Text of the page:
Alpena courts face logjam as criminal cases on the rise
ALPENA — A rising number of criminal cases is flowing into Alpena’s highest court, which, between the court’s struggles with timeliness and complications of the coronavirus, could create a logjam in years to come.
In 2019, 273 new criminal, civil, and appeals cases were filed in Alpena’s 26th Circuit Court, according to data released by the State Court Administrative Office.
That number reflects a slight dip in an upward trend in new criminal cases to reach the court the past three years.
Of the 434 cases handled by the court last year — including almost 150 left over from the year before — more than a quarter were left to be resolved in 2020 — a year in which courts have faced unprecedented challenges because of the pandemic.
The total number of criminal cases handled by Alpena’s 26th Circuit Court increased gradually between 2015 and 2018, rising from 229 in 2015 to 300 in 2018.
In 2019, the number dropped somewhat, down by 22 cases over the previous year.
When 2020 data is released, the number of new cases presented to the court will be about the same as in previous years, but the number of cases that are finished during the year will be drastically lower, predicted Alpena County Prosecutor Cynthia Muszynski.
“One word,” Muszynski said. “COVID.”
Courts closed briefly when the coronavirus pandemic reached Michigan in March. Though they reopened quickly, holding many hearings virtually, courts have been hampered in their efforts to move swiftly through cases because of technology difficulties, attorneys’ inability to meet with clients, and other complications.
Alpena courts have been behind state guidelines for timeliness for at least four years, according to state court data.
Court officials attribute the lack of court speed to parties being unprepared for hearings, human error, and — at least this year — unexpected complications presented by the pandemic.
People can’t be left sitting in jail while courts are sidelined by the virus, said Judge Ed Black.
Recent rising numbers of coronavirus infections have re-shuttered courts and canceled jury trials around the state. Like other courts, Alpena’s courts may soon need to restrict courtroom attendance, but hearings have to continue and become increasingly productive for justice to be served fairly, Black said.
Court staff have made plans to enable jury trials to continue, including moving furniture and installing safety barriers in the courtroom and pursuing the possibility of holding trials via videoconference.
A trial scheduled to be held this week, and another in early December, had to be canceled because of recent Michigan Department of Health and Human Services restrictions on indoor gatherings. Another trial date in December is still a go, but that could change as testing numbers climb, Black said.
If a trial is canceled, other cases will flow in to fill the space that becomes vacant, said Black, who conducts the current packed hearing days with a calendar at his elbow to schedule followup hearings immediately to keep court moving along.
Check out the interactive graphic below with information on court caseloads. Story continues below graphic.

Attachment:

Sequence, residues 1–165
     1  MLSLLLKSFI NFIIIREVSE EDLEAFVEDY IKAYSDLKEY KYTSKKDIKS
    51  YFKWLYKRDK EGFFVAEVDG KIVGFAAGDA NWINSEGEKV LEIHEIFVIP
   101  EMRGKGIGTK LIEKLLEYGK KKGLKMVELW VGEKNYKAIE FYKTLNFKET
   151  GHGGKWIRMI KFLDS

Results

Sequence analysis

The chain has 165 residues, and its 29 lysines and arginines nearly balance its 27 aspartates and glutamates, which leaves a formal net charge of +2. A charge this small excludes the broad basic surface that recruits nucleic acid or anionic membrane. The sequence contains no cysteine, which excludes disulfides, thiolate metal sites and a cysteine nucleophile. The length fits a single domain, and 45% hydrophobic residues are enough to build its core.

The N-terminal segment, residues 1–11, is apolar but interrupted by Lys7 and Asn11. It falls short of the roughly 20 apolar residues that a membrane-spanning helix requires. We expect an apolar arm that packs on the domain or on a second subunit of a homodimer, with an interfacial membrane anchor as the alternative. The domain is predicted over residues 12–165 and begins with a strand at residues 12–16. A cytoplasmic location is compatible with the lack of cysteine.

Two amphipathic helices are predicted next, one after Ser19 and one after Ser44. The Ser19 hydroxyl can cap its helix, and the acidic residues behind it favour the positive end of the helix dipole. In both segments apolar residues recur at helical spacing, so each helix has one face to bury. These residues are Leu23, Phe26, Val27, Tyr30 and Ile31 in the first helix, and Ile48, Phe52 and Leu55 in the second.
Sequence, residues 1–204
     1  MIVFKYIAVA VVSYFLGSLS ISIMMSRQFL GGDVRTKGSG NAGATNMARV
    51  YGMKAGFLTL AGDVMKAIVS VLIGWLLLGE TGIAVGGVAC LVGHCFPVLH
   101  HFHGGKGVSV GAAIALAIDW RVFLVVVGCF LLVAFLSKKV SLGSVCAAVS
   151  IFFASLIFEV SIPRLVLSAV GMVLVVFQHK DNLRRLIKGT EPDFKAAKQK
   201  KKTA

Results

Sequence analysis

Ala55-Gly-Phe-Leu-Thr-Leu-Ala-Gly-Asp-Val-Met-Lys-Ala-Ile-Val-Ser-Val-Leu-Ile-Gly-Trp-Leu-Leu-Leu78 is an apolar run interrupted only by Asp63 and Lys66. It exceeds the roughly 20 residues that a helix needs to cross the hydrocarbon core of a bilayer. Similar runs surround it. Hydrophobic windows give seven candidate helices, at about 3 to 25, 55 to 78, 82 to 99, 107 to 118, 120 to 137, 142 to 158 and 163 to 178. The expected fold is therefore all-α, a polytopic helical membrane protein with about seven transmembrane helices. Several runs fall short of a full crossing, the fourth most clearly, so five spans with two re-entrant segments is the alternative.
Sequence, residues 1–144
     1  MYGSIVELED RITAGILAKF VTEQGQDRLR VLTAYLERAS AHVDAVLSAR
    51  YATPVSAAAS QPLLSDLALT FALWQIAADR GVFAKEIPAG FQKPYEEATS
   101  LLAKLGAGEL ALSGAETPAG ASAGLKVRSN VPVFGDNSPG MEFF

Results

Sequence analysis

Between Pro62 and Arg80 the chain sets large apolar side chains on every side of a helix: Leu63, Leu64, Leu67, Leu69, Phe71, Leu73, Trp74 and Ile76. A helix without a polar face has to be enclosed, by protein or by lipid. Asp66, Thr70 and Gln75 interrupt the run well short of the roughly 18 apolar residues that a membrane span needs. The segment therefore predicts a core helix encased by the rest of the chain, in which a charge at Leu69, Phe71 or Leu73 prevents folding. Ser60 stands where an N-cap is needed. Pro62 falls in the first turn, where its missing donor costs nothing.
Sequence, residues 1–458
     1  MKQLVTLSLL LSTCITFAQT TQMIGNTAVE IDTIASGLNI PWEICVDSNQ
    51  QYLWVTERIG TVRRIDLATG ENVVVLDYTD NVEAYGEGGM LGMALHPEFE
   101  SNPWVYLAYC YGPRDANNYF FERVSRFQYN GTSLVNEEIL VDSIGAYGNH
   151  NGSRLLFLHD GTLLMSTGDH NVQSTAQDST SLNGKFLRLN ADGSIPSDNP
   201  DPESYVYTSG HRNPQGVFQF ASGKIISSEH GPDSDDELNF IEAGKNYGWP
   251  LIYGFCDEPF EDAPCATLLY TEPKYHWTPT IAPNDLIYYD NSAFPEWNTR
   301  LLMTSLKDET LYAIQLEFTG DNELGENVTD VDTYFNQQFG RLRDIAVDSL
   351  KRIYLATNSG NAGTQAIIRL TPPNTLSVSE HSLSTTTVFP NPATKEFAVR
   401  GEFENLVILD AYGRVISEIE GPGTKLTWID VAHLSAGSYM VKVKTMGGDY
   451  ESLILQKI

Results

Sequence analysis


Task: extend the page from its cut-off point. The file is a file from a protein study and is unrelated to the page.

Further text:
SHIFTING COURTS, SAME EXPECTATIONS
In 2003, Alpena-area circuit courts were among several circuits statewide where judge assignments were reconfigured by the state.
At the time, the 26th Circuit Court consisted of Alpena, Alcona, Montmorency, and Presque Isle counties, under the jurisdiction of two circuit judges.
After a study of caseloads at the time, the state ordered that Montmorency and Alpena counties remain the 26th Circuit, sharing one judge.
Alcona County became part of the 23rd Circuit Court, joining counties to its south and west, and Presque Isle County was joined with Cheboygan County as part of the 53rd Circuit Court.
County-specific caseload data is not available from before the change, and most current court personnel were not in place at the time of the restructuring.
Periodic reviews of all state courts, however, have determined that Alpena-area courts, with their current structure, should be able to handle the number of cases brought before them, according to Judicial Resources Recommendations reports compiled by the State Court Administrative Office.
Caseload numbers do not account for divorce, personal protection order, or other domestic relation cases, which account for roughly another 400 cases per year in Alpena County. The court also addresses several hundred juvenile cases per year.
Circuit courts in surrounding counties handle about a quarter the number of cases addressed by Alpena courts.
In both Montmorency County — with a population of about 9,250 — and the larger Presque Isle County — population about 12,700 — total caseload in circuit courts averages 100 cases per year.
Criminal cases in Presque Isle County climbed from 50 cases in 2017 to 80 in 2019. The number of civil cases decreased by a third in that time.
Civil case numbers have also dropped since 2015 in Montmorency County, where criminal cases typically make up only half or fewer of cases brought to the court.
In Alcona County, with a population just over 10,000, the court has averaged a caseload of 127 cases over the past five years, 25% higher than similarly sized Montmorency County.
Alcona county hit a high of 102 criminal cases in 2017, though that number fell by a third in the following two years.
Timeliness data for Alcona, Montmorency, and Presque Isle counties indicated those counties, for the most part, have been able to meet state guidelines for speed in handling cases.
Alpena County 26th Circuit Court, by the numbers
A look at the 2019 caseload of the 26th Circuit Court
Pending cases, Jan. 1, 2019: 142
New cases filed: 273
Cases reopened during 2019: 19
Cases completed: 306
Total caseload in 2019: 434
Guilty plea: 178
Jury verdicts: 7
Source: State Court Administrative Office caseload reports